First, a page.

An Examination of the determinants of Key Audit Matters reported by companies listed in the Nairobi Securities Exchange
Njenga, Samson Thuo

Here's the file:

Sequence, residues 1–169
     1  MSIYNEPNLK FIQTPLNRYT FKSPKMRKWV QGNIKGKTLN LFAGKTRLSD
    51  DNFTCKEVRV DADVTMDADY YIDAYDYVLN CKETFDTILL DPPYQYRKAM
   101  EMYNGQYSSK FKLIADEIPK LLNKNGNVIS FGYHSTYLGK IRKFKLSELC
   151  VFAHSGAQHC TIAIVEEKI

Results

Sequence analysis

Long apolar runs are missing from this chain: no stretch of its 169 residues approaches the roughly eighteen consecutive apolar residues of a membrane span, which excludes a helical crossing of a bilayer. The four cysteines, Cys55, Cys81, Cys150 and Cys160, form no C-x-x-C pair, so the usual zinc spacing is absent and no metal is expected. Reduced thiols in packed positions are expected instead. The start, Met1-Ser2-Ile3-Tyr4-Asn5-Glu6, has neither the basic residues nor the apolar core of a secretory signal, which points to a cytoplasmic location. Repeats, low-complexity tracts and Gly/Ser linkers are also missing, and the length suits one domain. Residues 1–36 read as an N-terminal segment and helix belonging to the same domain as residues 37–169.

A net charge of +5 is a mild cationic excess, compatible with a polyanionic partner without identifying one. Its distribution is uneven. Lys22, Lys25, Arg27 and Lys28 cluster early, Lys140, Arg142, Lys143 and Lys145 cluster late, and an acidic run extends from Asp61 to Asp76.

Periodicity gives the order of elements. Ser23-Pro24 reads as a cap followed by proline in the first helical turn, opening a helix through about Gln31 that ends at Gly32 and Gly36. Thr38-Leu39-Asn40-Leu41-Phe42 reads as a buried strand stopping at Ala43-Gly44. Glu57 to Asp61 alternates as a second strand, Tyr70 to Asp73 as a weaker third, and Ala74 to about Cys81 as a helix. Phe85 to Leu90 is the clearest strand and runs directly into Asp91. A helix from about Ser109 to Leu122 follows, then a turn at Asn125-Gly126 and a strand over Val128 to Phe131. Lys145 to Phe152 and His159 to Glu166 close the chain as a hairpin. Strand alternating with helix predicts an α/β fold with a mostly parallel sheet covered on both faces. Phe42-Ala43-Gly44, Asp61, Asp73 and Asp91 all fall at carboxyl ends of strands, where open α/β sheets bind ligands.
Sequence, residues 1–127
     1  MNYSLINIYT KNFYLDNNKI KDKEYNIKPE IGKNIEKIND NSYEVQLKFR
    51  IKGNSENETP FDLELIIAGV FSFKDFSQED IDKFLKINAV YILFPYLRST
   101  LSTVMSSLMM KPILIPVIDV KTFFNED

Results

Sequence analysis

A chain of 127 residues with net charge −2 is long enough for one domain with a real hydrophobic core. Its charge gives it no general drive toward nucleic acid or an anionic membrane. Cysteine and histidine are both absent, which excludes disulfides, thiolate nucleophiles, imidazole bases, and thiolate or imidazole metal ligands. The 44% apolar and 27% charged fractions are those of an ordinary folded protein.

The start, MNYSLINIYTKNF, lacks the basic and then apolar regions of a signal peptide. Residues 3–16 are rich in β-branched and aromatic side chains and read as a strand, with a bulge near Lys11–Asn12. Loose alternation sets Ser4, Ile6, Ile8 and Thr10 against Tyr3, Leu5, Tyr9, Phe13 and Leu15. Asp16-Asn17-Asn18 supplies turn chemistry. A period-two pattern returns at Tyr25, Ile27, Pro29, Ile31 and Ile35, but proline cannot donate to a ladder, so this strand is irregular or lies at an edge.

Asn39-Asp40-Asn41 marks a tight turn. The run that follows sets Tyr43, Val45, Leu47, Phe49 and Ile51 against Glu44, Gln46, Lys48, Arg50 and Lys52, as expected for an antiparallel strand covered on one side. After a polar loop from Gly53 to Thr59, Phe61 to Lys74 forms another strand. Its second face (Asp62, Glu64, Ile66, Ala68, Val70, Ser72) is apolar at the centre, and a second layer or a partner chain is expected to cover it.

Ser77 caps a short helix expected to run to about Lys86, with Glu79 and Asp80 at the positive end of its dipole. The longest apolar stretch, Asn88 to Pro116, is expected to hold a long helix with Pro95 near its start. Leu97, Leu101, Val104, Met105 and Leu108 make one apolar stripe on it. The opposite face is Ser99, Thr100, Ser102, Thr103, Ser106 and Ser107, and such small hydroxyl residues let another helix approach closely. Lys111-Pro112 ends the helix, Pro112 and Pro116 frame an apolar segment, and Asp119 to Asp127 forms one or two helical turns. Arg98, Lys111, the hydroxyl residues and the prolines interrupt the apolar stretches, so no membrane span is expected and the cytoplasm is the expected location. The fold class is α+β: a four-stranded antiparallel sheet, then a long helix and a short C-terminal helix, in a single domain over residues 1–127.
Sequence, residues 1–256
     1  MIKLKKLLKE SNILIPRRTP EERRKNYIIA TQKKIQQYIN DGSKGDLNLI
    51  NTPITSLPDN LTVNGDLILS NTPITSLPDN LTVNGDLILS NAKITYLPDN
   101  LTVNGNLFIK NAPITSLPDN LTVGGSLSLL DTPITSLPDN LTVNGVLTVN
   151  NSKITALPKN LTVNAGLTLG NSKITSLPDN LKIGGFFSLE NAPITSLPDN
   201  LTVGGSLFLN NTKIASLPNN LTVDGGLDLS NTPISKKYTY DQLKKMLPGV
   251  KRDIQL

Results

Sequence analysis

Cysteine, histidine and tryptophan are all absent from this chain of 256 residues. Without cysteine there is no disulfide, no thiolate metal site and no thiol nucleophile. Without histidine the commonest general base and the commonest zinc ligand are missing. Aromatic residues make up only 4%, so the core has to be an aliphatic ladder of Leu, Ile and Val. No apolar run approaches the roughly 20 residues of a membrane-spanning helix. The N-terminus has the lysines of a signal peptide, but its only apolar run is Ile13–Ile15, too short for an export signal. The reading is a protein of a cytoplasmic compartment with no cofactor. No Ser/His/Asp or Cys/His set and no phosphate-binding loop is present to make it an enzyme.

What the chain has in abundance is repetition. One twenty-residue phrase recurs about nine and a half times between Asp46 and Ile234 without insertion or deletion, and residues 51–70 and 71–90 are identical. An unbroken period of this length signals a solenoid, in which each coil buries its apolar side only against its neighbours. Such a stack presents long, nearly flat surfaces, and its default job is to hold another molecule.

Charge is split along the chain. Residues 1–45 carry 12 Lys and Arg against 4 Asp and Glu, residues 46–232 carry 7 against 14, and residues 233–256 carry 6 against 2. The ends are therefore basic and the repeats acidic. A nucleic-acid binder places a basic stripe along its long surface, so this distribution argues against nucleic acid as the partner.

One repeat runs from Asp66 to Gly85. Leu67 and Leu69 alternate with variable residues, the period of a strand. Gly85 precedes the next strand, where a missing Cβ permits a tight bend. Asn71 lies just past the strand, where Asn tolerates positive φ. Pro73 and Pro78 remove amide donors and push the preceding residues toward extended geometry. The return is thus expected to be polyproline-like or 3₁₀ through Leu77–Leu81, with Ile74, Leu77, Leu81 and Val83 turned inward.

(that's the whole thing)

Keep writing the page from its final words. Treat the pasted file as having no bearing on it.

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The financial crisis of 2008 and other monetary embarrassments like Enron and WorldCom elevated worldwide enthusiasm for improving the chronicled two passage pass/fail institutionalized audit report, necessitating development of an expanded audit report in accordance with the issuance of ISA 700, The Independent Auditor's Report on Financial Statements, that are conveyed in a way that is meaningful, available and important to the users of financial statements. As for the enhanced audit report, standard setters chose to command the exposure of more review explicit subtitles like the Key Audit Matters (KAMs)in reaction to developing worries about the value of the audit report (ISA 701, IAASB 2015; PCAOB 2017).These additional communications were expected to further improve the communicative value of the auditor’s report by, among others, helping “investors and other users of financial statement focus on aspects of the financial statements that the auditor also found to be challenging” (PCAOB 2013) and giving a guide to users to all the more likely explore complex financial reports and spotlight them on issues important to their decision making" (IAASB). The research study sought to establish what determines the KAMs reported in the independent auditor’s report as proposed by IAASB and PCAOB in 2013, and by extension the auditors’ judgment in deciding form and number of KAMs to report. The study utilized semi-structured questionnaire for data collection using purposive sampling of 136 respondents from auditors of firms listed with NSE to ascertain nature and form of KAMs being reported. The research adopted descriptive research statistics like scores and frequencies in analyzing findings from primary data collected aided by Statistical Package for Social Scientists (SPSS) Version 23.Spearman`s rho was used to test for relations among the variables. Findings were presented in frequency tables, pie charts and graphs. The major findings revealed positive relationships between KAMs and its drivers. The number and nature of KAMs were moderately correlated to the firm size and trend of reporting over years, positively and strongly correlated to subsidiaries, auditor type, cross listing status and the industry in which firm operates. Basically, the main drivers of KAMs reported are the international standards and legislations developed for various jurisdictions are general in nature hence giving leeway to auditors’ judgment and justification of inclusion or omission of KAMs in the report. The study therefore recommends the need to develop guidelines on the forms, format and number of key audit matters reported in auditor’s report as well as the need to harmonize the reporting of Key audit matters across the industry to prevent users of audited annual reports from misinformation. This is on the grounds that the big four audit firms will in general have their own specific manner of announcing KAMs. They likewise will in general report more KAMs than other review firms.